• High capital requirements. While the ability to self-fund insurance programs is a benefit of owning a captive, the amount of capital required to actually do that is often significant. While exact requirements vary considerably by program and domicile, funding a captive generally means committing significant finances into a trust.  

  • Complex, onerous setup. The insurance industry has a well-earned reputation for regulatory and operational complexity, and setting up a captive is no exception. The owner will need to undertake a feasibility study to determine if the idea is workable and prudent for the company in question, utilize stress testing exercises to provide a glimpse into the range of likely financial outcomes, and provide anything required by the domicile-specific Department of Insurance to ensure the validity and stability of the captive arrangement. This setup process can potentially last more than a year before the captive is approved and the company is able to start participating in business.

  • Significant ongoing operational requirements. Spinning up the captive, while a large task, is only the beginning. The freedoms and benefits that a captive supplies also come with major responsibilities which the state-level DOIs (rightly) take very seriously. Captive owners must take on a range of compliance tasks, including but not limited to production of annual actuarial reports on the health of the business, regular audits, and yearly meetings with the DOI.

  • Increased risk on the balance sheet. Self-funding insurance programs mean that while a business can participate in underwriting profits, it also participates in the losses in the event of adverse experience. Before deciding to embark on creating a captive, businesses should be fully aware of the risk, and think carefully about how they will respond not just to potentially positive returns, but potentially adverse returns as well.

What is Captive-as-a-Service?

Captive-as-a-service offers a mechanism to access the benefits of owning a captive, at far lower capital and operating costs. 

To create such an offering, a captive-as-a-service provider must first go through the full process of creating a captive insurance entity, like we discussed above. After this captive is approved, instead of simply using it to insure their own risks, they are able to rent out “cells” within their captive (provided this structure has been applied for and approved) that other businesses can use.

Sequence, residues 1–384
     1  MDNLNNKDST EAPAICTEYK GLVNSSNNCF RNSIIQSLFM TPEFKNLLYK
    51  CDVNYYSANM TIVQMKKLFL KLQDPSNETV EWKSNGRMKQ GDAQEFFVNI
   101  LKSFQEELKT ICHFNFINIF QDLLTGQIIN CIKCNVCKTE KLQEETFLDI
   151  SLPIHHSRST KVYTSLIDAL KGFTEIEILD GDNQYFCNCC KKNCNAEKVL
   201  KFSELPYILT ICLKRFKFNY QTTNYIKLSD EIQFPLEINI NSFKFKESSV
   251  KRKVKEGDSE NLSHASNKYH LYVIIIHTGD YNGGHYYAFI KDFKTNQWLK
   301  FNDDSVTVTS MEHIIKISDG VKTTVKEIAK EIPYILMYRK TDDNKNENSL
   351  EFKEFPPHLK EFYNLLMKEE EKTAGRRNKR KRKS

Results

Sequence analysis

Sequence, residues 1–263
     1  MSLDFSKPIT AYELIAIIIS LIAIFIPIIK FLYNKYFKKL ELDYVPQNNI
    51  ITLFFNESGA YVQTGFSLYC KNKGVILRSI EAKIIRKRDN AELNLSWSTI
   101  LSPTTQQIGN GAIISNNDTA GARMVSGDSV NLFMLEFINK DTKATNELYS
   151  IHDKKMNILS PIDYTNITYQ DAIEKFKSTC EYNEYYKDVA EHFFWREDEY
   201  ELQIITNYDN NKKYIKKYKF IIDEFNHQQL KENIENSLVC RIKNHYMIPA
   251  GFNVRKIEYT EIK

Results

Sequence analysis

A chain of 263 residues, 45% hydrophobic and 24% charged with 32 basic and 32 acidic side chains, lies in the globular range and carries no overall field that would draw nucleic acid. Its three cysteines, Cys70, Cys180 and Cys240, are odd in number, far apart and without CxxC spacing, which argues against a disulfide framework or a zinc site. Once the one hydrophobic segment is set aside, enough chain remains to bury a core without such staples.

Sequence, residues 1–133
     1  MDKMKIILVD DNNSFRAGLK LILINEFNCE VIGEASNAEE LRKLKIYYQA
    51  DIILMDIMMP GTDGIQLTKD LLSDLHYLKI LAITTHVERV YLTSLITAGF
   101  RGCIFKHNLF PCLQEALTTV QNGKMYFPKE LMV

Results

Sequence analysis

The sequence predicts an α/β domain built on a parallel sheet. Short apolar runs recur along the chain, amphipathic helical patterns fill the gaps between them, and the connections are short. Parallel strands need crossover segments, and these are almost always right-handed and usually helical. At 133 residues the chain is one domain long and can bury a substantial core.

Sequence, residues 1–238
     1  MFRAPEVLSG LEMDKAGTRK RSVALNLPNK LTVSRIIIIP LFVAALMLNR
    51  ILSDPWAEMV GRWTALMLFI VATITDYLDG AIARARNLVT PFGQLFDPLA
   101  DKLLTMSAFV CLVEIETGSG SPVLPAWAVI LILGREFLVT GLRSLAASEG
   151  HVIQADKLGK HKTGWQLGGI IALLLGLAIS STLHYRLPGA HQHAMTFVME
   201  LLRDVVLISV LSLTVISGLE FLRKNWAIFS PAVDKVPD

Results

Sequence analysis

Thanks to this structure, if a business wants to utilize a captive, rather than constructing an entire captive entity from scratch, they can simply rent a cell from the captive-as-a-service partner. The partner will then handle negotiations with the relevant DOI to work through approval of the cell and determine how it needs to be capitalized. 

The business can then put risk capital into the cell, and use it to run their captive business. Since the cell is part of the larger captive-as-a-service entity, however, the ongoing operational management will be handled by the partner.

What are the Benefits of Captive-as-a-Service?

Captive-as-a-service makes captives more accessible to a wider range of businesses:

  • Dramatically simpler, more cost-effective setup. Most of the structural and regulatory requirements are handled by the captive-as-a-service partner, leaving businesses free to focus on their core mission. 

  • Lower premium requirements. Given the costs involved in setting up a single-parent captive entity, it requires a fairly high volume of premium (often close to $2M) to be truly worthwhile. The much lower costs of captive-as-a-service allow businesses with lower premium income to profitably participate.

  • Streamlined operating management. The cell’s ongoing regulatory and operating requirements are managed by the captive-as-a-service partner, including financial statement preparation, audits, actuarial analysis, and annual in-person board meetings. This translates into drastically lower operating expenses for the business renting the cell, compared to managing a full captive entity.

Insurance captives offer a significant opportunity for businesses to increase revenue, improve risk management, develop innovative new coverages, and more - but they also come with significant costs attached. Captive-as-a-service allows businesses to take advantage of the same benefits as a captive entity, for a fraction of the capital and operating expenses.

Contact us to learn more about building your captive-as-a-service offering on Boost Re.